DeKalb Medical Center would not discuss Gustafsson’s case, citing privacy. But the top doctor there said the hospital has made great progress on preventing infections in the past 12 to 18 months.

Dr. Roy “Reg” Gilbreath, the system’s new chief medical officer, said the hospital formed teams of doctors, nurses and other staff to come up with strategies for cutting back on infections. In addition, “secret shoppers” monitor whether staff are keeping their hands clean, and Gilbreath says the results are good.

DeKalb Medical’s leadership said it encourages patients to speak out when they have questions or concerns about care and the hospital takes those comments seriously.

Björn and Tammy Gustafsson do not think of themselves as paranoid germo-phobes. But he was in serious condition and might require days, if not weeks, in the hospital. Having seen that other patients on her husband’s floor had serious infections, Tammy began scouring the Internet for information on how to protect him — and watching the staff.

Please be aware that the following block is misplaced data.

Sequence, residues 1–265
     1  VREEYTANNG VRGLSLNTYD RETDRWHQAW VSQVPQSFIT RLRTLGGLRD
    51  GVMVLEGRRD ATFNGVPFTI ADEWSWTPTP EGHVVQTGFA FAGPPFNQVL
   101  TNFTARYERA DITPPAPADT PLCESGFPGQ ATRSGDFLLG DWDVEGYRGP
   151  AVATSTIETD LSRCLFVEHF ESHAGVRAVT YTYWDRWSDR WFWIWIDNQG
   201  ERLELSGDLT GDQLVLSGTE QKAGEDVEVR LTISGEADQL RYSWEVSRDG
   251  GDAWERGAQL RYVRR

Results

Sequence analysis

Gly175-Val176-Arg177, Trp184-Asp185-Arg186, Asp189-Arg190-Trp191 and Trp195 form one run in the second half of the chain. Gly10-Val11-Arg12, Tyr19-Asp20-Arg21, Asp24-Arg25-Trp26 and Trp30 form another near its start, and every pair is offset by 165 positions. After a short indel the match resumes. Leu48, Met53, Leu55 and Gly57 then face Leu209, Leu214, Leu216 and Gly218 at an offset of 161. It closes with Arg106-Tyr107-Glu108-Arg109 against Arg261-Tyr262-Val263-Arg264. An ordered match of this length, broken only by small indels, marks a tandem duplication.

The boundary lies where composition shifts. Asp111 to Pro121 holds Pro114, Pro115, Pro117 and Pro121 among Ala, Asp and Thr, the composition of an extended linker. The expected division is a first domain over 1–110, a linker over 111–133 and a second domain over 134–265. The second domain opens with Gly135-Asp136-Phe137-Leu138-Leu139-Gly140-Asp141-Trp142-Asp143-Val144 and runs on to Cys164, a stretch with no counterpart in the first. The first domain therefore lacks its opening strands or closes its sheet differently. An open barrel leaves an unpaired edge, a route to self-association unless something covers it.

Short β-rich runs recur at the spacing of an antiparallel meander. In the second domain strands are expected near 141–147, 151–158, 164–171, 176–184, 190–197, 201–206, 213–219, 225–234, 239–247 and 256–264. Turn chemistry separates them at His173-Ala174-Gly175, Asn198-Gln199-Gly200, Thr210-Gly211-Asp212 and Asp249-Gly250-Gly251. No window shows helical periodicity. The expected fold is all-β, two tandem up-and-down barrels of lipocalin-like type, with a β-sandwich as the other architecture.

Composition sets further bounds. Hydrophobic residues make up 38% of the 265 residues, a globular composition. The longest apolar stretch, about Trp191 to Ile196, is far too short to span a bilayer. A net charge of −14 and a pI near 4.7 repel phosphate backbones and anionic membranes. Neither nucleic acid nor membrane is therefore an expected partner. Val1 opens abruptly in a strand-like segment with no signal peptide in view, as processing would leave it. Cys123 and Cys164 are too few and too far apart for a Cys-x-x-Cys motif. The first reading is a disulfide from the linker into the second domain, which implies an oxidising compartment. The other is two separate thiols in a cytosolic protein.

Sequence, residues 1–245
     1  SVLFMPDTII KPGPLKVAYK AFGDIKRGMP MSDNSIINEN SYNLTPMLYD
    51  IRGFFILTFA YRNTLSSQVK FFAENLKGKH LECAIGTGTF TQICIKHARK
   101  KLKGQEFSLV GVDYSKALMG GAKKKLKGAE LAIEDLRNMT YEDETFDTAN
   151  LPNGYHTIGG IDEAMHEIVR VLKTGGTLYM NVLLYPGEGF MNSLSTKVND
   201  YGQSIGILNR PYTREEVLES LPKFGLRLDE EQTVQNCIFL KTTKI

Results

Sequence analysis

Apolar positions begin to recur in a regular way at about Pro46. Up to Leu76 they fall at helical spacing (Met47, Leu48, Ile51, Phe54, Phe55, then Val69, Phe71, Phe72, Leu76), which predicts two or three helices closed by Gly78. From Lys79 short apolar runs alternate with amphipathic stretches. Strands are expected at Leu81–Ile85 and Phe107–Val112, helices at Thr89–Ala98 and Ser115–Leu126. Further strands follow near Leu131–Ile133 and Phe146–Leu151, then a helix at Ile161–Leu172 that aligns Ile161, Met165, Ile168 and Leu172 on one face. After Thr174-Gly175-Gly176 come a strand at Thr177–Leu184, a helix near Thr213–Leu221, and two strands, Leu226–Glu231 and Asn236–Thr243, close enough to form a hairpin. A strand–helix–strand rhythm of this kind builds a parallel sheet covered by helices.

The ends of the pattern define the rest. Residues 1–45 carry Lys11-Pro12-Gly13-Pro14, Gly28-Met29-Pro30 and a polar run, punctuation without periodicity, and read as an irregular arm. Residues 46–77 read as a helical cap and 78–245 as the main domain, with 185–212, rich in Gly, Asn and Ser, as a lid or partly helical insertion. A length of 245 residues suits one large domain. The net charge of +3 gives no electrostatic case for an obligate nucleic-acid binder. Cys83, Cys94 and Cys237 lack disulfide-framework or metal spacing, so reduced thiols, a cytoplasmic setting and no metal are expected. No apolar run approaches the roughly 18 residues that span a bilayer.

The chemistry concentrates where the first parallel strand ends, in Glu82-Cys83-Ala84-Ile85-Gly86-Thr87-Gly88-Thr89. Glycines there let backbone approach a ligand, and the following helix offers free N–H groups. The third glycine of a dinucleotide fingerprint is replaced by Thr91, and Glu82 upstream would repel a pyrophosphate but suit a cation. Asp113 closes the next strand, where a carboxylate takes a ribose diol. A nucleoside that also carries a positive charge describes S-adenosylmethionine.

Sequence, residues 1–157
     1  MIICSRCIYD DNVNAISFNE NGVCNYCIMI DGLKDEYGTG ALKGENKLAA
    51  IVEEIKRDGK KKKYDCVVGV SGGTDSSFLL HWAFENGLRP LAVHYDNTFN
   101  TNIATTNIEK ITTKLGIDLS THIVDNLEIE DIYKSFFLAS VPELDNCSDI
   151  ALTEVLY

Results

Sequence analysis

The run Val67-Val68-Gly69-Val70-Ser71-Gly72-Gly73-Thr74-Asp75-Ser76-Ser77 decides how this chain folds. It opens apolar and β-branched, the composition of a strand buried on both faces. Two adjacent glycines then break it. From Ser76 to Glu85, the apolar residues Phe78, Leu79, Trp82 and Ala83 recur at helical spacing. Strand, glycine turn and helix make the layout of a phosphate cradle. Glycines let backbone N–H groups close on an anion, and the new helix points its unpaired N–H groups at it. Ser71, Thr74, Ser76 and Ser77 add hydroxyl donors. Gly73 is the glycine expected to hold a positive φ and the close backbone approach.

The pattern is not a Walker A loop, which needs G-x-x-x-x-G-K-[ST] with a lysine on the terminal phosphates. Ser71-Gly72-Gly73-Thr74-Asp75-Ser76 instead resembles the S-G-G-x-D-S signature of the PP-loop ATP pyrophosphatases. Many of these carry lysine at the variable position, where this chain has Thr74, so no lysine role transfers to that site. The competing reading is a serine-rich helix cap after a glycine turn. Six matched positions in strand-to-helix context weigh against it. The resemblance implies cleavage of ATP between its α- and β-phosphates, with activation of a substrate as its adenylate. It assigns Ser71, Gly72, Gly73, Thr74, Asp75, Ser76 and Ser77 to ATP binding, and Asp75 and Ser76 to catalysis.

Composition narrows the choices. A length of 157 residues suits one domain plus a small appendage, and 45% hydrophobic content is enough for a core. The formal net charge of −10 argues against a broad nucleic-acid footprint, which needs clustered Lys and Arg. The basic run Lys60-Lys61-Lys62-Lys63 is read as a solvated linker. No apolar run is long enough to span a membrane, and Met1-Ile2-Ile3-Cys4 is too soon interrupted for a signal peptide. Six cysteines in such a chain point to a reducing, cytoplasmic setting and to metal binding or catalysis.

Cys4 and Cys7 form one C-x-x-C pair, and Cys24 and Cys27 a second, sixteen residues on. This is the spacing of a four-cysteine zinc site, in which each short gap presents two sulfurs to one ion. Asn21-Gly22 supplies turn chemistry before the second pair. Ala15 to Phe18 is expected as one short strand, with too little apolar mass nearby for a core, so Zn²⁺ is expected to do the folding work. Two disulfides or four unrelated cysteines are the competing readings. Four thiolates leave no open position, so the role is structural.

“They are in and out of the room and some would do the sanitizer and some wouldn’t,” Tammy said of hospital staff. “There were certain people who would never follow the protocols at all.”

Her husband added, “It was an imminent threat, and surprise – I got an infection.”

Days from being released from the hospital, Björn came down with an infection caused by the bacteria VRE – vancomycin-resistant enterococcus – a drug-resistant germ found in health care settings.